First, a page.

Possibly inspired by the letters Cleary has received as a children's author, this begins with second-grader Leigh Botts' misspelled fan letter to Mr. Henshaw, whose fictitious book itself derives from the old take-off title Forty Ways W. Amuse a Dog. Soon Leigh is in sixth grade and bombarding his still-favorite author with a list of questions to be answered and returned by "next Friday," the day his author report is due. Leigh is disgruntled when Mr. Henshaw's answer comes late, and accompanied by a set of questions for Leigh to answer. He threatens not to, but as "Mom keeps nagging me about your dumb old questions" he finally gets the job done—and through his answers Mr. Henshaw and readers learn that Leigh considers himself "the mediumest boy in school," that his parents have split up, and that he dreams of his truck-driver dad driving him to school "hauling a forty-foot reefer, which would make his outfit add up to eighteen wheels altogether. . . . I guess I wouldn't seem so medium then." Soon Mr. Henshaw recommends keeping a diary (at least partly to get Leigh off his own back) and so the real letters to Mr. Henshaw taper off, with "pretend," unmailed letters (the diary) taking over. . . until Leigh can write "I don't have to pretend to write to Mr. Henshaw anymore. I have learned to say what I think on a piece of paper." Meanwhile Mr. Henshaw offers writing tips, and Leigh, struggling with a story for a school contest, concludes "I think you're right. Maybe I am not ready to write a story." Instead he writes a "true story" about a truck haul with his father in Leigh's real past, and this wins praise from "a real live author" Leigh meets through the school program. Mr. Henshaw has also advised that "a character in a story should solve a problem or change in some way," a standard juvenile-fiction dictum which Cleary herself applies modestly by having Leigh solve his disappearing lunch problem with a burglar-alarmed lunch box—and, more seriously, come to recognize and accept that his father can't be counted on. All of this, in Leigh's simple words, is capably and unobtrusively structured as well as valid and realistic. From the writing tips to the divorced-kid blues, however, it tends to substitute prevailing wisdom for the little jolts of recognition that made the Ramona books so rewarding.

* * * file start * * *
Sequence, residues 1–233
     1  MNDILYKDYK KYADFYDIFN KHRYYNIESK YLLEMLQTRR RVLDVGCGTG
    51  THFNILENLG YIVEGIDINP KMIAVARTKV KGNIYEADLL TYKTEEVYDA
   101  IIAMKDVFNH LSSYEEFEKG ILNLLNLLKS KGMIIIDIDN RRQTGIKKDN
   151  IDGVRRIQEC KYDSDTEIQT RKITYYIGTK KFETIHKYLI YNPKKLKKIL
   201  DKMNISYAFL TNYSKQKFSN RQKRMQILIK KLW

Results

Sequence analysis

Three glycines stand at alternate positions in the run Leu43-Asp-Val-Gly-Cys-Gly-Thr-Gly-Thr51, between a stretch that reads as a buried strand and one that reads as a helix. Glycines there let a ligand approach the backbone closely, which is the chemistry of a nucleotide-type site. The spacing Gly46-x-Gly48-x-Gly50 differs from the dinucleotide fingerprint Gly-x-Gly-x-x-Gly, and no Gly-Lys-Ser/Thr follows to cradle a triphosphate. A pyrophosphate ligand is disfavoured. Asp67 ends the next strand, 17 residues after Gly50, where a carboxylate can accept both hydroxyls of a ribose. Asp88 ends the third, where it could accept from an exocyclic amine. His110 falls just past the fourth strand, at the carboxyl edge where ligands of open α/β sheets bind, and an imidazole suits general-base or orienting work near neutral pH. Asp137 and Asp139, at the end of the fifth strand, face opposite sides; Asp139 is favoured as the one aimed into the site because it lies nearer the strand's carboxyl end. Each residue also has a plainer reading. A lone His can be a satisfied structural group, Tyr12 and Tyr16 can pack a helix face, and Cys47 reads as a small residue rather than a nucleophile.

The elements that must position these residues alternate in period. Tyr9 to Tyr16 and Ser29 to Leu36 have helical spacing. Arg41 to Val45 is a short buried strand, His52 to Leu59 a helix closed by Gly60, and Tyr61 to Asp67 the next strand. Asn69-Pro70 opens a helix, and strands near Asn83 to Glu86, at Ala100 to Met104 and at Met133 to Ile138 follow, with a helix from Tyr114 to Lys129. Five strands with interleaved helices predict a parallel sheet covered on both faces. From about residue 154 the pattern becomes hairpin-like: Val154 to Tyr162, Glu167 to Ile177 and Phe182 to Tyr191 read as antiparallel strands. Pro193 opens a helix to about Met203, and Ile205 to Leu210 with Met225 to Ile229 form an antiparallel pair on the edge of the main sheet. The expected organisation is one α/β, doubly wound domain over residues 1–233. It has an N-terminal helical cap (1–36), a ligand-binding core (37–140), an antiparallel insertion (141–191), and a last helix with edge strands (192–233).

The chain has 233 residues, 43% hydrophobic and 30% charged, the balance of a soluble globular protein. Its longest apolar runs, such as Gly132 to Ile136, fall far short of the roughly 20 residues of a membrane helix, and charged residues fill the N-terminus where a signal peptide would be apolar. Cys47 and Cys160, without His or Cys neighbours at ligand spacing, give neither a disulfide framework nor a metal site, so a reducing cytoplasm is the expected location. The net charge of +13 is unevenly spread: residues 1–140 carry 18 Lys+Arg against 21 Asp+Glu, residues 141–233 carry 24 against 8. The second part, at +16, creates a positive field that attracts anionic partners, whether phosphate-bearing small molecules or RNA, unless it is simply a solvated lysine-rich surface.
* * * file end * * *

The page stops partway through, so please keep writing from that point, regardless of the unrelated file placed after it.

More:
Pub Date: Aug. 22, 1983

ISBN: 143511096X

Page Count: 133

Publisher: Morrow/HarperCollins

Review Posted Online: Oct. 16, 2011

Kirkus Reviews Issue: Aug. 1, 1983

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MOMOFUKU MILK BAR

With this detailed, versatile cookbook, readers can finally make Momofuku Milk Bar’s inventive, decadent desserts at home, or see what they’ve been missing.

In this successor to the Momofuku cookbook, Momofuku Milk Bar’s pastry chef hands over the keys to the restaurant group’s snack-food–based treats, which have had people lining up outside the door of the Manhattan bakery since it opened. The James Beard Award–nominated Tosi spares no detail, providing origin stories for her popular cookies, pies and ice-cream flavors. The recipes are meticulously outlined, with added tips on how to experiment with their format. After “understanding how we laid out this cookbook…you will be one of us,” writes the author. Still, it’s a bit more sophisticated than the typical Betty Crocker fare. In addition to a healthy stock of pretzels, cornflakes and, of course, milk powder, some recipes require readers to have feuilletine and citric acid handy, to perfect the art of quenelling. Acolytes should invest in a scale, thanks to Tosi’s preference of grams (“freedom measurements,” as the friendlier cups and spoons are called, are provided, but heavily frowned upon)—though it’s hard to be too pretentious when one of your main ingredients is Fruity Pebbles. A refreshing, youthful cookbook that will have readers happily indulging in a rising pastry-chef star’s widely appealing treats.    

 

Pub Date: Oct. 25, 2011

ISBN: 978-0-307-72049-8

Page Count: 256

Publisher: Clarkson Potter

Review Posted Online: Jan. 13, 2012

Kirkus Reviews Issue: Oct. 15, 2011